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Minnesota wildfire doubles in size, creates its own weather

A wildfire in northeastern Minnesota more than doubled in size Tuesday, growing to more than 19,000 acres, after it produced pyrocumulous clouds that generated lightning and even raindrops, fire officials said.

The Greenwood Fire’s growth, most of which happened Monday afternoon, prompted firefighters to leave McDougal Lake, about 80 miles south-southwest of Duluth, officials said. Authorities fear that structures might have been destroyed or damaged.

“We had crews embedded, and as this fire took off, it was quite an effort to communicate with forces on the ground so they could get out,” said federal fire incident spokesman Clark McCreedy.

The pullout was a success, and no injuries were reported. However, downed trees and necessary cleanup mean crews have been unable to assess damage around the lake, McCreedy said.

In addition to the firefighter pullout, 159 dwellings were evacuated Monday, according to an update from the National Wildfire Coordinating Group. Cabins, homes and recreational sites remain under threat, the group said.

Patrick Prochaska, a Minneapolis resident who built a cabin near McDougal Lake in 2012, told NBC affiliate KARE that he watched via security camera as flames mostly bypassed his property Monday, causing minor damage.

“I was feeling very scared,” he said. “At the same time, I could see that it was not doing anything to the house, and it was kind of reassuring.”

The fire in and north of Superior National Forest has mostly performed according to the weather, fire officials said. On Monday, with dry fuel on the ground and temperatures in the high 80s, it was an expanding inferno punctuated by strobes of lightning.

“The winds were drawn into the fire from all directions,” the incident’s fire behavior analyst, Michael Locke, said in a video update Tuesday. “It created what we call pyrocumulous clouds. And really high in the atmosphere … you’d see a thunderstorm, and in fact they went high enough to produce a few sprinkles of rain and even some lightning.”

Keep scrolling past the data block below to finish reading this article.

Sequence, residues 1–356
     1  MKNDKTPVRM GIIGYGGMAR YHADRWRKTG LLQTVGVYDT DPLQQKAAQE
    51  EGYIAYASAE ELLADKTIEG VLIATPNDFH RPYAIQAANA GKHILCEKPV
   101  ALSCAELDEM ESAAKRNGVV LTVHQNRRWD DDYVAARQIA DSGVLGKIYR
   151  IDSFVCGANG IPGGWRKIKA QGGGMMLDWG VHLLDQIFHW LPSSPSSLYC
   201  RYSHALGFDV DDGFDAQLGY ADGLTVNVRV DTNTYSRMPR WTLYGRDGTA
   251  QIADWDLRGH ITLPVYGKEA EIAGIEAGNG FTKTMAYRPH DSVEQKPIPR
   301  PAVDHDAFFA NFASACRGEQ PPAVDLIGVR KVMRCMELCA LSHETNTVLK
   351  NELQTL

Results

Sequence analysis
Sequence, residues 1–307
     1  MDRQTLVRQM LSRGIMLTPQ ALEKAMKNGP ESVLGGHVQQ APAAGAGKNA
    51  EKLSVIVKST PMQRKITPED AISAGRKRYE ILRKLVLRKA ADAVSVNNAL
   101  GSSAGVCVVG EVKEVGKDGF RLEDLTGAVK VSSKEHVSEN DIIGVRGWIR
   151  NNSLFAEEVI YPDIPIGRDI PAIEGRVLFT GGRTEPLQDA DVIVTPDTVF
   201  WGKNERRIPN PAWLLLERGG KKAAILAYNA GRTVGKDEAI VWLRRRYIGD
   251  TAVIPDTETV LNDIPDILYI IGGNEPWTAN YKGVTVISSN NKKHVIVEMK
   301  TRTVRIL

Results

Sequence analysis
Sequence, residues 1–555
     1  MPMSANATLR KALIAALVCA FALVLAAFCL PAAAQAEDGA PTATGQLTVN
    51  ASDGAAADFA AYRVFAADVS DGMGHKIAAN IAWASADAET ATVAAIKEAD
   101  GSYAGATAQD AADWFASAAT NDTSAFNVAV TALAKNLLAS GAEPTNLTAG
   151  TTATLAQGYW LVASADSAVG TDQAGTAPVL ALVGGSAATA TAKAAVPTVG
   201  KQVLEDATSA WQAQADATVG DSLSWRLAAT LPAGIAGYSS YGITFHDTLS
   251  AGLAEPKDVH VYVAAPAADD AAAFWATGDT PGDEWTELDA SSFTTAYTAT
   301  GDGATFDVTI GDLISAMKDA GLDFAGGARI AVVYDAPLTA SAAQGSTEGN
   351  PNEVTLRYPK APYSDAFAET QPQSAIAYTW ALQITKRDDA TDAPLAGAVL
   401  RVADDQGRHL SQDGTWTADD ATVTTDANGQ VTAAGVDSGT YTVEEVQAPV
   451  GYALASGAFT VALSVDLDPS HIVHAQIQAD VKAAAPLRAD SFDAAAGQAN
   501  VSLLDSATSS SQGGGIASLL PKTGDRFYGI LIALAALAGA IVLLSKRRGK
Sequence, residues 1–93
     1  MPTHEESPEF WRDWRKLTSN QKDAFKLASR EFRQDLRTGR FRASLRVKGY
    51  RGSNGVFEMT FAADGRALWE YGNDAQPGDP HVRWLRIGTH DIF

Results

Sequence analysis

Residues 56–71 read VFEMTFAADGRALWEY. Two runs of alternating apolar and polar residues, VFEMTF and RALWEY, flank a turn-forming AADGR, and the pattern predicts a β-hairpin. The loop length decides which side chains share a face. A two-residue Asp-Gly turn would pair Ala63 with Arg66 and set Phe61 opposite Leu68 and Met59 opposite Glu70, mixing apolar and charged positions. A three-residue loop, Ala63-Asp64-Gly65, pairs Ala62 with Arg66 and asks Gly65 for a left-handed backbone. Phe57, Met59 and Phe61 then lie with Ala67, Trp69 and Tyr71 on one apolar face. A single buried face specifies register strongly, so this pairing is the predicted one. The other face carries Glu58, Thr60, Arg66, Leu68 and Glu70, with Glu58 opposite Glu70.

Temperatures dipped into the mid-70s Tuesday, and the blaze mellowed. “The real story was cloud cover and cooler temperatures,” McCreedy said.

More of the same, and possibly rain, was in the forecast, giving officials hope that they might be able to close the book on an unusually active and dry fire season in Minnesota.

Experts have said climate change has set the stage for extreme weather, including an increase in the frequency and intensity of wildfires in the Northern Hemisphere.

Firefighters — 426 were assigned to the Greenwood event — have been confronted with “prolonged, severe drought,” making parts of Minnesota look like the fire-prone West this summer, McCreedy said.

The Greenwood Fire, which was detected Aug. 15, is believed to have been sparked by lightning.

So far, firefighters have scored no containment, and areas including McDougal Lake, Sand Lake and the Highway 2 corridor have been under mandatory evacuation orders. The federal Boundary Waters Canoe Area Wilderness was closed Saturday “due to active and increasing fire activity, extreme drought, limited resources,” the National Forest Service said in a notice.

Officials set a goal of Sept. 1 for full containment.

“We’re probably going to get more of that moderating weather for the rest of the week,” McCreedy said. “That opens the door for fire crews to make progress on the ground.”

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Hiker survives grizzly bear attack at Denali National Park

A tourist from Indiana was attacked and injured by a grizzly bear at Denali National Park and Preserve in Alaska on Monday night, park officials said.

The 55-year-old tourist, whose name was not released, was hiking alone in dense fog in the Thoroughfare Pass area when a mother bear and multiple cubs charged him from nearby bushes, the National Park Service said in a statement Tuesday.

He had puncture wounds to a calf, his left ribs and his left shoulder, the agency said.

The victim used bear spray that might have cut the attack short, the park service indicated. He walked 1.5 miles to a visitor’s center where “medical personnel” vacationing at Denali treated him as a park bus driver called 911, it said.

The hiker was taken to a medical center near the park before he was transferred to Fairbanks Memorial Hospital, about 120 miles away, park officials said. He was stabilized at the Fairbanks hospital, they said.

“Due to the apparent defensive nature of this attack, there are no plans to locate the bear involved,” the park service said. “Female bears with cubs are naturally defensive of their young, especially when surprised. There is no indication that this bear is unusually dangerous.”

Grizzly bears are federally protected as a threatened species in the lower 48 states. According to the National Wildlife Federation, fewer than 1,500 grizzlies are left in the lower 48, but they thrive, comparatively, in Alaska, where they have a population of about 31,000.

The backcountry area of the attack is closed for one week as a precaution, the park service said.